I started passing them out and the kids got even more excited because pictured on the front of the newspaper was a picture of our beloved school mascot, Rocky the Coyote. “I can’t wait to read about Rocky,” some of my students shrieked. And I’m thinking to myself, “I’m amazing! I can’t believe I thought of this on such a whim. And I can’t believe my first graders can read an actual newspaper! What could possibly go wrong?” At this point. I am so high on my cloud and nothing could bring me down… or at least I thought.

I turned my kids loose for Daily 5 and they knew exactly what to do. I watched in awe as my sweet babies were traveling to “Word Working” centers, “Work on Writing” centers and “Listening Centers”. I watched with tears of happiness as my “Read to Selves” are grabbing their Nooks and pulling up their texts INDEPENDENTLY and reading right away.

When I glanced over to the “Read to Someone” group, the had their newspapers clenched tightly in their sweet, little fingers. The excitement is radiating through their faces as they read their newspaper. I can hear the others say, ”Oh, I can’t wait until “Read to Someone” so I can read my newspaper”.

This is a teacher’s dream. We had come so far this year, and it’s always good to enjoy the fruits of our labor. As the kids worked feverishly, it was time for me to get down to business. I was a ‘free’ teacher right then, and I was all set to finish up my end of the year DRA’s in peace as the kids were happy. Life was perfect.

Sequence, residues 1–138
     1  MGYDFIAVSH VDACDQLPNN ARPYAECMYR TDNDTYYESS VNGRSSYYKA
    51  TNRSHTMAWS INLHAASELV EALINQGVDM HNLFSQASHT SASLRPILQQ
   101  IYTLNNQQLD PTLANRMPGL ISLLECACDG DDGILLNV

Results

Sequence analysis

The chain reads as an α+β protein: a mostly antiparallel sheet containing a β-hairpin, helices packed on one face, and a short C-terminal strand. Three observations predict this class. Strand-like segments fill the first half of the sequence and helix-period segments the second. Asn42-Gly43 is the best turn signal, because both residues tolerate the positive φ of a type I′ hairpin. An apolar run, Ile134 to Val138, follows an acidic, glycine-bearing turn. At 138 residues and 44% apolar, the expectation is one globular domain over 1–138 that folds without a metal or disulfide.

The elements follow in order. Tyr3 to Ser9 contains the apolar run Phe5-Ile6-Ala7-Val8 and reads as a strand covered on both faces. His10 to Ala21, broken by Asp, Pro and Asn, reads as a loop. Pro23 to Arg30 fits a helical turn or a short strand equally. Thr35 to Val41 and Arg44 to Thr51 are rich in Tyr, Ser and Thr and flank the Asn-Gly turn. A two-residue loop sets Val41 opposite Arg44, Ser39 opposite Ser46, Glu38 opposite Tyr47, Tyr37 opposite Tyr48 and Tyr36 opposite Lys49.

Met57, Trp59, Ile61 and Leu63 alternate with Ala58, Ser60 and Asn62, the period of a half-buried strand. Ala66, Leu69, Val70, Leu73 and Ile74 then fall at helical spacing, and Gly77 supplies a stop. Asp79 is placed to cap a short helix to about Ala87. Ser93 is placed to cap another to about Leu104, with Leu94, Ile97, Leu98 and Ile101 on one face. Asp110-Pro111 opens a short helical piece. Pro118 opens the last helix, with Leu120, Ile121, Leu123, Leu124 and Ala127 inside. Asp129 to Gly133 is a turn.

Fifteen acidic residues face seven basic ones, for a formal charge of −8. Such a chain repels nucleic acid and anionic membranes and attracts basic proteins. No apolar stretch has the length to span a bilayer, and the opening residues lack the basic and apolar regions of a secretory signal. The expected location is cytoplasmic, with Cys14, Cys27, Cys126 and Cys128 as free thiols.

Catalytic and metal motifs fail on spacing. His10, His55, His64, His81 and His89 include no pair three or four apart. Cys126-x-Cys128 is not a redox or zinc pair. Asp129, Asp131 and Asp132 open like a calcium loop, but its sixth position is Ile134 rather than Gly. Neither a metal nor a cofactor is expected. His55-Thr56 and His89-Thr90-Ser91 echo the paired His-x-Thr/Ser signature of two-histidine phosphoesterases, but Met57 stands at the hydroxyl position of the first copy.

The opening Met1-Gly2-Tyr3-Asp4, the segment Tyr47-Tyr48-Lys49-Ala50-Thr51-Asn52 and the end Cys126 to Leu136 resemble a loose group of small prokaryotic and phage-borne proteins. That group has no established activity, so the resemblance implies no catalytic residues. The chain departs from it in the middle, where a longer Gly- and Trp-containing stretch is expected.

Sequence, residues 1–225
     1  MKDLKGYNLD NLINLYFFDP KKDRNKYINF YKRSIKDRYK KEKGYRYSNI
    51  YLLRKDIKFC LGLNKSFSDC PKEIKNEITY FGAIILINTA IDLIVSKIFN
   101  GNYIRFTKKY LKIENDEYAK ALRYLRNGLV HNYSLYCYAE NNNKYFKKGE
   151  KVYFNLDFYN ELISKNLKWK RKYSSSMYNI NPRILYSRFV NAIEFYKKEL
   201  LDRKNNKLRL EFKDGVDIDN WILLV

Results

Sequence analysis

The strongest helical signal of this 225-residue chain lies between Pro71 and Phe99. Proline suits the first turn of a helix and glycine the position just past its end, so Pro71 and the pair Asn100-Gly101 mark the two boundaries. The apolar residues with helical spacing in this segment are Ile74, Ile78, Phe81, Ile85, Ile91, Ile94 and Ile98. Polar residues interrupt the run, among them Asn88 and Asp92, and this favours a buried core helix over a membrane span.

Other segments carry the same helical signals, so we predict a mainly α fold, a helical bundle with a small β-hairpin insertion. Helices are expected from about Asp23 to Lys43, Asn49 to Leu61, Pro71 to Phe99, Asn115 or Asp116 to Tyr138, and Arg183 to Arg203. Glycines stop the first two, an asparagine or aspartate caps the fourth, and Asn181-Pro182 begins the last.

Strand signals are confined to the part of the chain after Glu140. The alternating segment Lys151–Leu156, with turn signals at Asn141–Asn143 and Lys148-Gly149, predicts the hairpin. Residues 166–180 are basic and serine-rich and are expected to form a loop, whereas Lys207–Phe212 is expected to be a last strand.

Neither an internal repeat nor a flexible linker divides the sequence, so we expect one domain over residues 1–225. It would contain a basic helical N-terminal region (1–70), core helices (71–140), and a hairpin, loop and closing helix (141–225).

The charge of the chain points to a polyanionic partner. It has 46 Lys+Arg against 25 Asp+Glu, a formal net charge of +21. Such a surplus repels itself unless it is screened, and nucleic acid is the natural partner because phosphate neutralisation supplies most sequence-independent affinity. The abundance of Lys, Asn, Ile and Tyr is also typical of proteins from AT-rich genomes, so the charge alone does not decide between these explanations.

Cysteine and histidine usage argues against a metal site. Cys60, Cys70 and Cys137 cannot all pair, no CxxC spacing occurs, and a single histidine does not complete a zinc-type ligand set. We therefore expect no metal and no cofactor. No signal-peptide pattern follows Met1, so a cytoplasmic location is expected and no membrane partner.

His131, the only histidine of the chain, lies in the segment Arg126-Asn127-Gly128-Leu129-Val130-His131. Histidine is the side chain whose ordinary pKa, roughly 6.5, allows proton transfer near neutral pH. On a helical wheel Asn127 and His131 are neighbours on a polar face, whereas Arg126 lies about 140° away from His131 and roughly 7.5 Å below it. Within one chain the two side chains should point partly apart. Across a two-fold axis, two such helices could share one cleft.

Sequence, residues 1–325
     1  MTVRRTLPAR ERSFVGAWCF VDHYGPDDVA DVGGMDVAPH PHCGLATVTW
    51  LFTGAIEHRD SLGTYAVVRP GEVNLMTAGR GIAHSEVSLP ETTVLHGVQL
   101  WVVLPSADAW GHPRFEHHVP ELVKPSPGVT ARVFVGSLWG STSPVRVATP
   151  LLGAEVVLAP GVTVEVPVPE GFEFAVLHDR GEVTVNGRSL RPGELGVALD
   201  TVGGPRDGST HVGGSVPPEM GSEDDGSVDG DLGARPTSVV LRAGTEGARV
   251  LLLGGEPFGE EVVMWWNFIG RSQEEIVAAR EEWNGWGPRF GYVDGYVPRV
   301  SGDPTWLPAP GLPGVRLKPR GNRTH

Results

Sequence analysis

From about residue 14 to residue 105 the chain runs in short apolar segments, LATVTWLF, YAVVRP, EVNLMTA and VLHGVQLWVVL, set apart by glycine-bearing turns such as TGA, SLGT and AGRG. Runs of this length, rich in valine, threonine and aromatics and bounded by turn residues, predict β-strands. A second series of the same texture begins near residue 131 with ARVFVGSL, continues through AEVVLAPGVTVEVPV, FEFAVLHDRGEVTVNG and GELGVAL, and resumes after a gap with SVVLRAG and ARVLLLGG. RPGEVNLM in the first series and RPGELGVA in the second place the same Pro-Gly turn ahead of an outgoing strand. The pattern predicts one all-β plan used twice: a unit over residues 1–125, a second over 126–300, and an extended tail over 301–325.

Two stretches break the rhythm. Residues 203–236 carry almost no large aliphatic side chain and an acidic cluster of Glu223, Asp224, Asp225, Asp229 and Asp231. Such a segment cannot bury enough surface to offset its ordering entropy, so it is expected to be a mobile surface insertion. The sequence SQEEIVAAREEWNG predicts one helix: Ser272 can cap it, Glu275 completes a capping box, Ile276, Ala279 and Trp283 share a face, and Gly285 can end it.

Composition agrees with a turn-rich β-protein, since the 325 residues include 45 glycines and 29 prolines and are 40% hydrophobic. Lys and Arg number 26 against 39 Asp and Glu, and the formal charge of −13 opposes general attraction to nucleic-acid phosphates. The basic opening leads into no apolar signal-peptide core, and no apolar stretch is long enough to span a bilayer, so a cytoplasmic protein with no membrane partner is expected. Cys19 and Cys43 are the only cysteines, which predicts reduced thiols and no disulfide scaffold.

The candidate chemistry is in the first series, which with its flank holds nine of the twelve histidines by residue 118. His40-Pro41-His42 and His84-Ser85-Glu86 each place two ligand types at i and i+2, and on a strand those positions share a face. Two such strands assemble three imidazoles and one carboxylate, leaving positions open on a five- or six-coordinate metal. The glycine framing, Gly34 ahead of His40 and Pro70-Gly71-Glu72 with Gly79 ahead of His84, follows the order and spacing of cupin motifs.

So I sat down at my reading table and called over the first child. Now, my kids know my Golden Rule during Guided Reading and/or DRA’s, and that is, “Unless you are bleeding, or your head has suddenly popped off your body, you do not interrupt me… at all!!”

So there I sat, testing away happily thinking how amazing these kids were when I started to hear a small ruckus developing from the “Read to Someone” kids. I thought nothing of it at first, but noticed that group had started to recruit other kids over to their group. I noticed that “Word Workers” and “Read to Selfers” were sneaking back to their desks to retrieve their newspapers, too.

I quickly called for order, “Boys and girls! My goodness, this is so sad. Get back to your stations until you hear the chimes. Then you can switch to your next station.” Disappointed, the kids get back to work. They know to not argue when Mrs. Mac is testing.

Well, the chimes rang and it was time to rotate. I got a bit suspicious when I noticed how fast the kids were switching to the next rotation. Especially, the “Read to Someone” group. They zoomed to their desks and grabbed their articles and immediately found their partners, which was becoming more of a mini-mob instead of partners, but you pick and choose your battles. They were reading and on task, and I had DRA’s to do.

About 7 minutes into this rotation, I started to hear a commotion coming from the “Read to Someone” s again. This time I looked up and saw kids in complete chaos. Kids from all rotations were literally crying and pointing to an article in the newspaper. Kids were consoling and embracing each other. “Don’t worry,” said one of my munchkins, “Mrs. Mac is almost done with this DRA, we’ll get to the bottom of this.” Needless to say, they officially had my attention now.